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TRNN revisits the the apocalyptic extreme weather, dire reports, and resistance to climate inaction we saw in 2018. Help us make real climate news in 2019

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It’s the Real News. I’m Dharna Noor in Baltimore, where it’s currently almost 50 degrees outside just days before Christmas! 2018 has been a wild year for climate change. Climate records were broken, climate reports grabbed headlines.

We started off the year with one of the hottest Januaries ever—the 5th warmest in 138 years since record keeping began, to be exact.

2018 saw record temperatures all over the globe. In Northern Siberia temperatures soared to 40 degrees above average. And parts of Algeria hit 124.3 degrees—the hottest temperature on record in Africa. Los Angeles hit its all-time high temperature of 111 degrees in July.

Heat waves are dangerous in and of themselves, and they also exacerbate wildfires—wildfires like the ones in Greece that melted cars and forced some into the sea to escape, and in Sweden, where officials deployed almost every municipal firefighter in the nation. California saw its worst wildfire in history—the Camp Fire in Butte County left almost 90 dead and forced tens of thousands of people from their homes.

Meanwhile, devastating storms also wreaked havoc. The strongest storm of 2018 was Super Typhoon Yutu, in the Northern Mariana Islands. Hurricane Michael was the first category 4 storm to ever make landfall on the Florida Panhandle—it killed over 40 people. This year North Carolina also saw a hurricane the size of the whole state, and the Midwestern United States saw devastating floods.

And that’s just a taste of the apocalyptic conditions we saw all over the world. Despite people like former EPA administrator Scott Pruitt saying that climate change could help humans flourish, there’s scientific consensus that climate change is fueling and sometimes even causing these disasters. This year, report after devastating report issued dire warnings. A federal report released on Black Friday showed that climate change could kill thousands, and cost the U.S. tens of millions of dollars—up to 10% of the GDP—by the end of the century. The Intergovernmental Panel on Climate Change showed we might be just 12 years away from irreversible effects of climate change ushered in by surpassing 1.5 degrees Celsius of warming over pre-industrial levels. And esteemed climate scientist Michael Mann told the Real News that that that report was conservative.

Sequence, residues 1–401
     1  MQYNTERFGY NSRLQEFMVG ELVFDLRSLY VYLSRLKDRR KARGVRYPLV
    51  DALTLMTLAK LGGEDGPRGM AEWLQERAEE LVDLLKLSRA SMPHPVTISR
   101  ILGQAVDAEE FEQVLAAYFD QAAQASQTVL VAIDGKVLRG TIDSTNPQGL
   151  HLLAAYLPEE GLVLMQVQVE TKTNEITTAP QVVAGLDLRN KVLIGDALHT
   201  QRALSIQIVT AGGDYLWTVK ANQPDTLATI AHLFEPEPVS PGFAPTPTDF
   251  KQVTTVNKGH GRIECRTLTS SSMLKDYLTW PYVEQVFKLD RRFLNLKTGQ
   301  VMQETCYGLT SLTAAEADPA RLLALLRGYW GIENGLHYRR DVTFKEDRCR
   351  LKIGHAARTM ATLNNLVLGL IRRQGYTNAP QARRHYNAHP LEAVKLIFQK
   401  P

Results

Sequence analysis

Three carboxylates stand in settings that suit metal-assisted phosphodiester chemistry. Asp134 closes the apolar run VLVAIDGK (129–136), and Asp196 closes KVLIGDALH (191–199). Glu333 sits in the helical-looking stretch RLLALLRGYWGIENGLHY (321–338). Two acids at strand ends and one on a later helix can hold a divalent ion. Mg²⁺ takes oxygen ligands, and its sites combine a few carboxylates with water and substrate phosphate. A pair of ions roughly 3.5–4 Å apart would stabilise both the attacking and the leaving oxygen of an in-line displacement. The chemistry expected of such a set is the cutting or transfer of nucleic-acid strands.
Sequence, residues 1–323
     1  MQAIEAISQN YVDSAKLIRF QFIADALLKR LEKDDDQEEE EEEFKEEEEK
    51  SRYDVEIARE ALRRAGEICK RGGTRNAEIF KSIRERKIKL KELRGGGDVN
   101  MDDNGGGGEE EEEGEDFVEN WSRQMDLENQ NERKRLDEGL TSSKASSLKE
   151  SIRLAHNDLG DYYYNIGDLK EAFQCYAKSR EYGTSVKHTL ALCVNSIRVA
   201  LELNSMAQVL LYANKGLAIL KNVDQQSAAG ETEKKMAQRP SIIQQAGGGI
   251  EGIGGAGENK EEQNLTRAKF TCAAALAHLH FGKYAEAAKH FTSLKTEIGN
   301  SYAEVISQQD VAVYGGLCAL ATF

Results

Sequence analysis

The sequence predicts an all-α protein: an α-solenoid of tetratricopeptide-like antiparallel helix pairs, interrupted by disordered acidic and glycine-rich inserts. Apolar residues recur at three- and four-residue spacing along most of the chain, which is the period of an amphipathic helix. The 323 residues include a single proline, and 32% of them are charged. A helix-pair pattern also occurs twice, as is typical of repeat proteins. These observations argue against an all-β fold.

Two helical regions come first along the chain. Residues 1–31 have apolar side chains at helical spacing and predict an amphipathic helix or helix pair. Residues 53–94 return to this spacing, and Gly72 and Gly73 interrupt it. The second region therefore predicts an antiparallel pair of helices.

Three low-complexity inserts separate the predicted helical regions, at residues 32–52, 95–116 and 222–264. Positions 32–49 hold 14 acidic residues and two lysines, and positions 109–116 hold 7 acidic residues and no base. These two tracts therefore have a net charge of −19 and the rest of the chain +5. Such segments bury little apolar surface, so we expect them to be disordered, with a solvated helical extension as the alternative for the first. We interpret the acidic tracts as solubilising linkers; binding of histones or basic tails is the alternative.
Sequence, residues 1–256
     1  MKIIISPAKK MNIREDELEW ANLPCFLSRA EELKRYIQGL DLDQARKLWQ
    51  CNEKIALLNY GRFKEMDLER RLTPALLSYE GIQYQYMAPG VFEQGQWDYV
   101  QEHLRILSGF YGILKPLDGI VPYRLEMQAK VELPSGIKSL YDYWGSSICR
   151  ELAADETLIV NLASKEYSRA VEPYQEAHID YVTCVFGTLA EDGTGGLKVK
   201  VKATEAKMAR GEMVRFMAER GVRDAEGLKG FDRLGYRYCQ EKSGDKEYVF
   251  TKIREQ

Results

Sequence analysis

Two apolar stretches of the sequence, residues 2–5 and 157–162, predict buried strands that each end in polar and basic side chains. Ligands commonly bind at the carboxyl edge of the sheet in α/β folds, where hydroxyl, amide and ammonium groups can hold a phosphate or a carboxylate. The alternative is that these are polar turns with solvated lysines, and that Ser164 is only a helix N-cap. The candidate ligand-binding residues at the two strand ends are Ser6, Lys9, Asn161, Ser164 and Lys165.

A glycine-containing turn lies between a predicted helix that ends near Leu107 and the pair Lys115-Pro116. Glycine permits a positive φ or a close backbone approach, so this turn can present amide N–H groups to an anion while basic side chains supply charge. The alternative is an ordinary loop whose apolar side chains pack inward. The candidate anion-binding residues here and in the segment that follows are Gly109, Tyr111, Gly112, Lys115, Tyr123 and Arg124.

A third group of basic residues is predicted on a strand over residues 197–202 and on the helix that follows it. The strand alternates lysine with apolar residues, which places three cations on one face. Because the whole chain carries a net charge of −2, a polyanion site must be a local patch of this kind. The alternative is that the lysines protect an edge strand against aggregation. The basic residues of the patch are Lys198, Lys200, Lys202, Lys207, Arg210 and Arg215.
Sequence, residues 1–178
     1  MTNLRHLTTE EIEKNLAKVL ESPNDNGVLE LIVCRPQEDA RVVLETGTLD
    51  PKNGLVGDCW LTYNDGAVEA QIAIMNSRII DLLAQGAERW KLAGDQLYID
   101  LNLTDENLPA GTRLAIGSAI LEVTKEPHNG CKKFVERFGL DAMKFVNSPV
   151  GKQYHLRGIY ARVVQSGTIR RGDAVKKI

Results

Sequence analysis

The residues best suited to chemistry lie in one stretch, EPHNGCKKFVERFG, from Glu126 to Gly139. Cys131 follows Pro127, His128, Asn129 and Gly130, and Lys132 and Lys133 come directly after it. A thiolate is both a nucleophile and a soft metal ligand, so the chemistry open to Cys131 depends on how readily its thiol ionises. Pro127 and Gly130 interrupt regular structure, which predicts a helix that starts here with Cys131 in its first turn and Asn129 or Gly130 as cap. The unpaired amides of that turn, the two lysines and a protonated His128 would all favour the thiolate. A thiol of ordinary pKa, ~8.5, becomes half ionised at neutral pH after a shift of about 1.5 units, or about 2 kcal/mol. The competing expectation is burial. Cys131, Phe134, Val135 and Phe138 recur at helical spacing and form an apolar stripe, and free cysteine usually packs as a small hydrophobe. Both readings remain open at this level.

The IPCC said governments must make, quote: “rapid, far-reaching, and unprecedented changes in all aspects of society,” but so far, that’s not what we’ve seen. Global carbon dioxide emissions are set to hit a record high this year, according to a Global Carbon Project report. The Trump administration rolled back regulations on coal power plants and drilling and car emissions. Scott Pruitt resigned as EPA chief, but his replacement, Andrew Wheeler, is a former energy lobbyist.

Some officials have held meetings to take on climate change, but they, too, have been fiercely criticized. California governor Jerry Brown held the Global Climate Action Summit in Fall, but he and other participants caught a lot of heat for focusing on market based solutions. Hundreds actually disrupted Brown’s conference. They noted that in Brown’s time as governor, he approved twenty thousand new oil and gas permits. More recently, the UN held its climate conference in Poland for nation’s to make plans to adhere to the 2015 Paris Climate Agreement, but the IPCC and many others say those pledges aren’t nearly enough.

2019 will likely be an El Nino year, which will have an impact on global weather patterns and could usher in even more extreme weather events. But as winds pick up, so may the resistance to climate inaction.

A movement is brewing on Capitol Hill to bring forth a Green New Deal—a plan to end the U.S.’s reliance on fossil fuels within a decade, and create tens of millions of jobs. Some are pushing for the Green New Deal to fight militarism and reject profit-focused proposals, too. Extinction Rebellion is holding protests demanding climate action across the UK, and the yellow vest movement in France is pushing the idea that the elite and the fossil fuel industry should pay for climate reforms. Indigenous and frontline protestors disrupted COP24 and the Global Climate Action Summit. As the world faces disasters and holds demonstrations and releases reports and debates what real solutions are, we’ll be there. Thanks so much for watching our climate coverage all year, and stay tuned for much, much more in 2019.

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Dharna Noor is a staff writer at Earther, Gizmodo's climate vertical.